When I was a kid, one of my favorite things to do was decorate the house for Halloween. My parents and I had orange lights, a plastic skeleton or two, and we would carve up a pumpkin. Sometimes we would get those cheap fake spiderwebs, and I would stretch them across anything and EVERYTHING, for extra spooky effect of course. They were always such a hassle to clean up afterwards though. I can remember one year, we kept forgetting about our jack-o-lantern, well after Halloween. One morning we noticed it looked like it had been nibbled on by some sort of animal… and eventually it started to rot and stink. Yuck! After that year, we didn’t let it sit out for so long, because no one wants to clean up a sour pumpkin mess! Have you ever experienced any of these Halloween horrors?
Something I never thought about, however, was what happens to animals when they encounter these seasonal decorations. Then again, what kid actually thinks about anything other than the fun part, right? Those same decorations could have actually been causing more problems than an extra mess to clean. They can be harmful to outdoor pets and wild animals. Here are some tips to make sure your decorations are safe for animals.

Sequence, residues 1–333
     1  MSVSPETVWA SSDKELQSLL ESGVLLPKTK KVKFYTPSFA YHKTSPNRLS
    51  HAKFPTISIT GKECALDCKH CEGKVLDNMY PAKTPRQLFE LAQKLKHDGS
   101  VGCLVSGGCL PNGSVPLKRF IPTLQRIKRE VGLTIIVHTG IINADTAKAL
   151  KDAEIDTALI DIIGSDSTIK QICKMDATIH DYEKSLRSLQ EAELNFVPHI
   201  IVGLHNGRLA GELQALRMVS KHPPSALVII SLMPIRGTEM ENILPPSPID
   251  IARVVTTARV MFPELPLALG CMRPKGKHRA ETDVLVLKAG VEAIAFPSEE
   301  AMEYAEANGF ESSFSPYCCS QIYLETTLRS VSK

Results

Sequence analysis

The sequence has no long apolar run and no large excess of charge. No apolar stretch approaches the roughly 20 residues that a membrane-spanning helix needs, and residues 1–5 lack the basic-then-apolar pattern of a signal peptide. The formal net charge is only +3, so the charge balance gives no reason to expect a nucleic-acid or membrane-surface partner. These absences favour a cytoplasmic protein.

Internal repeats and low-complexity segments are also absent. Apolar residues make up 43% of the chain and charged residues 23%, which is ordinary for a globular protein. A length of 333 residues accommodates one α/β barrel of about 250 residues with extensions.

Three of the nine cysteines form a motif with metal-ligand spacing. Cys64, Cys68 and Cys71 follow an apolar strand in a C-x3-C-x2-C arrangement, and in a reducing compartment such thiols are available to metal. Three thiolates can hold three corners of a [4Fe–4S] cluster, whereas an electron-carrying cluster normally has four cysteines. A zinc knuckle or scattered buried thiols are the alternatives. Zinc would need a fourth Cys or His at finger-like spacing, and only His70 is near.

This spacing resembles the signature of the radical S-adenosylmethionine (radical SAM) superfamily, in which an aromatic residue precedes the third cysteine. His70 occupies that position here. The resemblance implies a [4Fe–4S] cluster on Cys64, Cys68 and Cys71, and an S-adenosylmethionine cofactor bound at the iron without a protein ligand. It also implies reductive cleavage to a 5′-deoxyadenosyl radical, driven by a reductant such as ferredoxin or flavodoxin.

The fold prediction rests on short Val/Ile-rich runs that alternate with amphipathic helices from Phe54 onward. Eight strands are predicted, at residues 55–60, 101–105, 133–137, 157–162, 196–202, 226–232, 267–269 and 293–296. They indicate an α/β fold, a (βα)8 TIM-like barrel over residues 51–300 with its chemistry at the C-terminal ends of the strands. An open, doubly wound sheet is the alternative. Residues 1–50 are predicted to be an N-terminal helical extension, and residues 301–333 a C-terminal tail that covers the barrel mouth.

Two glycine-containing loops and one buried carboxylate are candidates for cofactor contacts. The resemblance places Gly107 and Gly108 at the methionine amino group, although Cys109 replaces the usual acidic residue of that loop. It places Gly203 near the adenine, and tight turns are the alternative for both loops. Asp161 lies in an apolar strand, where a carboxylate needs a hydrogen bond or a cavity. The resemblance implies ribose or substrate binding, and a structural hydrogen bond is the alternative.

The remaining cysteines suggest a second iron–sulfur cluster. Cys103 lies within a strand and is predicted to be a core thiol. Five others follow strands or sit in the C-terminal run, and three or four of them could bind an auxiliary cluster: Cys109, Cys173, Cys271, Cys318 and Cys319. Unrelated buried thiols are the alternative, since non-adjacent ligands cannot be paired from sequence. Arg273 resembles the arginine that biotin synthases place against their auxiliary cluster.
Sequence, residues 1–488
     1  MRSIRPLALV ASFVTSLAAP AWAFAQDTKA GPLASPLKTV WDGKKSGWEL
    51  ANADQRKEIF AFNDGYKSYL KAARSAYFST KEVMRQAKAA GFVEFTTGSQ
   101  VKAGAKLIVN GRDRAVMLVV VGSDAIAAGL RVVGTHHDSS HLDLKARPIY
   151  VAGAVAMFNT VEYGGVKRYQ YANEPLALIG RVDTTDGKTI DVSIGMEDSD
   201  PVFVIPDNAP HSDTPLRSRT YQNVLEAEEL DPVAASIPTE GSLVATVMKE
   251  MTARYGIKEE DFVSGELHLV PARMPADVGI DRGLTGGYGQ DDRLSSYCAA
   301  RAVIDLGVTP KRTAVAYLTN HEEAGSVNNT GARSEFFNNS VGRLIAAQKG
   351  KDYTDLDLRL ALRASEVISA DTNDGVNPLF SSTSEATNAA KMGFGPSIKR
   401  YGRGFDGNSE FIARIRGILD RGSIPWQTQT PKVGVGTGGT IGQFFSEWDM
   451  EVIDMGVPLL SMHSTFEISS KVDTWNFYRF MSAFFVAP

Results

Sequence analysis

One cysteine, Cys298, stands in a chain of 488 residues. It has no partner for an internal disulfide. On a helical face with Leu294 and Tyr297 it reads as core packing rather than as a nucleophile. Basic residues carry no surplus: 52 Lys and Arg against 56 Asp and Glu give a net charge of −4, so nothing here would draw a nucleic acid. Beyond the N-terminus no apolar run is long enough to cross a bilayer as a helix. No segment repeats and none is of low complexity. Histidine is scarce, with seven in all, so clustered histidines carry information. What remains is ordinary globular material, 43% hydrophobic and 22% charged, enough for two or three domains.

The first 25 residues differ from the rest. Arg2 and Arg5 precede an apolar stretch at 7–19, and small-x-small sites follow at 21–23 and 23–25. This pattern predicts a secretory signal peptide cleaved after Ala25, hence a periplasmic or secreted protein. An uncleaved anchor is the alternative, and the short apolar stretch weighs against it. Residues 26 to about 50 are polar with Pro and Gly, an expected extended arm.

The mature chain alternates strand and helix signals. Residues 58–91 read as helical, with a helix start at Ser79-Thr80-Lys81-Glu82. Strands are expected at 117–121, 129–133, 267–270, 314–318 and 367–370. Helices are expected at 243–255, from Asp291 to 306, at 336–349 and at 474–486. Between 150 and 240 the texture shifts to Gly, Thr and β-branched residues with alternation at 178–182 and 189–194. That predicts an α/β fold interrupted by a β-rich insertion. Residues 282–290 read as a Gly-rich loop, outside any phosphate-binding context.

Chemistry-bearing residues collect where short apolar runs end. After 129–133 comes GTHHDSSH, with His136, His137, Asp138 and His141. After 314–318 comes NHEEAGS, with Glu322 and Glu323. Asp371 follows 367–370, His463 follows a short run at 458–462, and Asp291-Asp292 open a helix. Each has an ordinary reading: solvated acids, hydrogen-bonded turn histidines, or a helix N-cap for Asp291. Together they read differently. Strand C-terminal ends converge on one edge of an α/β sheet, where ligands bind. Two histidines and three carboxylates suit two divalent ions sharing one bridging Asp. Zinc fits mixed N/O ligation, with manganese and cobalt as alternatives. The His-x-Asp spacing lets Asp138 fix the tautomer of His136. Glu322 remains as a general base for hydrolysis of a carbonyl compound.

1. Don’t use fake cobwebs outdoors. Birds and other animals can get tangled in them and hurt themselves. If they are trapped in them long enough, they could die. So only use them inside, or not at all.
2. Check your hanging decorations. Things like string lights and netting can pose a threat, just like fake cobwebs. Especially in rural areas, make sure they’re hung high enough that animals like deer won’t get their antlers caught in them.
3. Don’t let your jack-o-lantern sit outside and rot. As I mentioned in my story, ours had been nibbled by… something… A rotten pumpkin will attract animals closer to your home than they’d normally get. If you have an outdoor pet, like a cat or dog, this may increase the chance that they will get in a fight with a wild animal that has been attracted to your home by the smell of rotten fruit.
That third tip is not suggesting you throw out your beautiful carved jack-o-lantern masterpiece immediately or anything. The shelf life, once a pumpkin has been carved, is only a week, maybe less. So you should wait until right before Halloween to carve them. Then throw them out a few days later. Or if you want to have a decorated pumpkin that lasts, paint it instead. A full, uncarved pumpkin can last months without rotting.